Jewish World Review April 15, 2002 /4 Iyar, 5762
http://www.NewsAndOpinion.com | ORLANDO -- With the Florida Democratic Party meeting here over the weekend to showcase a host of 2004 presidential hopefuls, there was news from Washington to reassure them that the election fiasco of 2000, which centered on this state, will be avoided.
By a vote of 99-1, the Senate had just passed a five-year, $3.5 billion election reform bill designed to help states correct the faulty voting machinery and other flaws in the process that contributed to the November 2000 confusion that put George W. Bush in the White House over Al Gore.
With the House having already approved a similar but somewhat more modest ($2.65 billion) version last December, the prospects are good that the reform legislation will soon reach the desk of President Bush. Considering the overwhelming Senate vote, the dollar figure that comes out of a required House-Senate conference will no doubt be closer to the higher Senate number.
The president, while paying lip service to the reforms, didn't go out of his way to spur passage. Understandably, he had no personal complaint with the process, especially here in Florida, which provided him the razor-thin margin in the Electoral College that made him president.
Nevertheless, he commended the Senate for its action and is expected to sign the bill routinely. He may even do so in public, in contrast to his private, unceremonial inking of the McCain-Feingold campaign finance reform legislation, which he reluctantly swallowed like sour milk.
Florida will get its share of the federal money, but its state legislature has already moved to reform or eliminate much of the apparatus and procedures that caused such controversy. They had the Democrats and the Gore campaign crying foul during the 36 days of counting, recounting and political maneuverings on both sides before the Supreme Court stepped in.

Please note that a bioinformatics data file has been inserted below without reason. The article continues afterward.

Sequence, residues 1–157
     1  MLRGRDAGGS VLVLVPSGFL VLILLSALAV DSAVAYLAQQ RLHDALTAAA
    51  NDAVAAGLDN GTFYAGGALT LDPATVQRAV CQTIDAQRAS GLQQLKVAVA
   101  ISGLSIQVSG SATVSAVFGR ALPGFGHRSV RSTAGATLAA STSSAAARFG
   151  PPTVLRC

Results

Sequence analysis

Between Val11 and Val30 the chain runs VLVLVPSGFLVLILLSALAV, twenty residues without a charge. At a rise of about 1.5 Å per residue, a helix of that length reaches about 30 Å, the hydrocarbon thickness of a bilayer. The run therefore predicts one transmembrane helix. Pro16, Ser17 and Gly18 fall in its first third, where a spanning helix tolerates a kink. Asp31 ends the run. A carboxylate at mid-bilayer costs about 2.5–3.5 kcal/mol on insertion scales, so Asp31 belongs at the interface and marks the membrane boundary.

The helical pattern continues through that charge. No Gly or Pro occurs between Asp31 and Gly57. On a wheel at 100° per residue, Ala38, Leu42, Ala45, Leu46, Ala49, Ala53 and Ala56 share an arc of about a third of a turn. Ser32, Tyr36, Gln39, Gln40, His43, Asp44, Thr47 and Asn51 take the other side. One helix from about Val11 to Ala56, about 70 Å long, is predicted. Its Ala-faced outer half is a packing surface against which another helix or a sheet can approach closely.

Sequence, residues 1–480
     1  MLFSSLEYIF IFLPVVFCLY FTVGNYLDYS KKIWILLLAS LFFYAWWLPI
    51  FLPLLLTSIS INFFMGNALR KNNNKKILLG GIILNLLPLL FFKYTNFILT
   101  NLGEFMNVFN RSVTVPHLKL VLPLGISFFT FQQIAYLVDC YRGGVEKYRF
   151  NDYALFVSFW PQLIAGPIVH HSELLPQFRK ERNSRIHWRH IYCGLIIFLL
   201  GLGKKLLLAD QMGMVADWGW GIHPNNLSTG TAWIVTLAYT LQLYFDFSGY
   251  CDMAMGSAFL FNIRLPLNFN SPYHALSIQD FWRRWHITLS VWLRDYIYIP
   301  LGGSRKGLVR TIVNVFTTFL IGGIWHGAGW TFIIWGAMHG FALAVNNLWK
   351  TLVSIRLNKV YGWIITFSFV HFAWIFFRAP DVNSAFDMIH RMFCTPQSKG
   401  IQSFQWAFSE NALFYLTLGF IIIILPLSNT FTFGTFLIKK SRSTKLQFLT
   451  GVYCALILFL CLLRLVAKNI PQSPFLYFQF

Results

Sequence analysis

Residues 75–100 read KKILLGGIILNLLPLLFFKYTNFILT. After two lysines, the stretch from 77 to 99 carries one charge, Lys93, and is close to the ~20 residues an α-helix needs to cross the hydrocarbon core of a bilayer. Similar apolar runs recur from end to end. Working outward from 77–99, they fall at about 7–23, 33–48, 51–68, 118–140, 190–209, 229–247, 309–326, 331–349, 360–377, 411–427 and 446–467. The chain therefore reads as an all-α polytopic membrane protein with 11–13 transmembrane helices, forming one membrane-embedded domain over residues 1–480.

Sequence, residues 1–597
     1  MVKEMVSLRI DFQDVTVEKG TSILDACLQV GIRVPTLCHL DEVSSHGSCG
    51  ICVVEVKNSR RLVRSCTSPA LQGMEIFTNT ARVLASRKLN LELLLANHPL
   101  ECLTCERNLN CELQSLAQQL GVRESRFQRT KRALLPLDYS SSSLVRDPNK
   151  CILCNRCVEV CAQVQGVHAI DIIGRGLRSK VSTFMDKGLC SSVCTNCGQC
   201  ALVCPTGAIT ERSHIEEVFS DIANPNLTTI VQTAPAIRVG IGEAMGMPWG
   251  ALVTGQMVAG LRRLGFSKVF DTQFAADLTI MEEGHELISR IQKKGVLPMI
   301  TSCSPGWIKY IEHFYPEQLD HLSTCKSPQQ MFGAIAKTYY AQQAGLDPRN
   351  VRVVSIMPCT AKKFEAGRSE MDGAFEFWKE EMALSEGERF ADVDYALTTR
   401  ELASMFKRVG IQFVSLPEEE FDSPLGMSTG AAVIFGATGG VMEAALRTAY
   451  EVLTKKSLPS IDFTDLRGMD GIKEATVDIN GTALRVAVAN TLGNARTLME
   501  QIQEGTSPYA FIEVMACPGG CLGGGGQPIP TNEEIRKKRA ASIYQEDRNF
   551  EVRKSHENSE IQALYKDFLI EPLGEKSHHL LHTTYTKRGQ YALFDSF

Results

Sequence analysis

The legislature has already banned use of the infamous punch-card machines that led to the embarrassing saga of the chads - those paper snippets varying from hanging to dimpled and variations thereof, which had Florida voting officials playing guessing games about the validity of votes cast.
Likewise eliminated are the "butterfly ballots," so confusingly aligned in the machines in 2000 that conservative Republican Pat Buchanan, running as the Reform candidate, garnered a suspiciously large vote in an area of Jewish population of traditionally heavy Democratic voting.
The legislature here also has ordered establishment of a data base of voters to check their eligibility by computer. Many Florida voters claimed they were turned away at the polls on Election Day, some of whom erroneously had been identified as former felons ineligible to vote.
The Senate version allows for provisional ballot casting by voters whose eligibility is in question, with their votes counted upon later confirmation of their eligibility. Another provision opposed by some civil liberties groups will require first-time voters by mail to produce a printed document of some kind to establish their identification.
The Congressional Black Caucus, which was concerned over the reports that many black voters in northern Florida had been inhibited or intimidated against casting ballots in the 2000 election, finally endorsed the Senate bill.
The lone senator to vote against the reforms was Republican Conrad Burns of Montana, who argued that the bill was "one size fits all" and would not help rural states. But while the Senate bill does mandate more changes than the House version, both bills give considerable leeway to the states. In earlier hearings, their election and party officials balked at the imposition of specific voting machines and methods on them.
The bill that will finally go to President Bush will not cure all the election ills uncovered by the 2000 presidential election, in Florida especially, and it will not satisfy everybody. Nor, certainly, will it quell the continuing lament from Democrats that the Florida fiasco robbed their man, Gore, of the presidency. But it should make a rerun of that world-class controversy less likely in the
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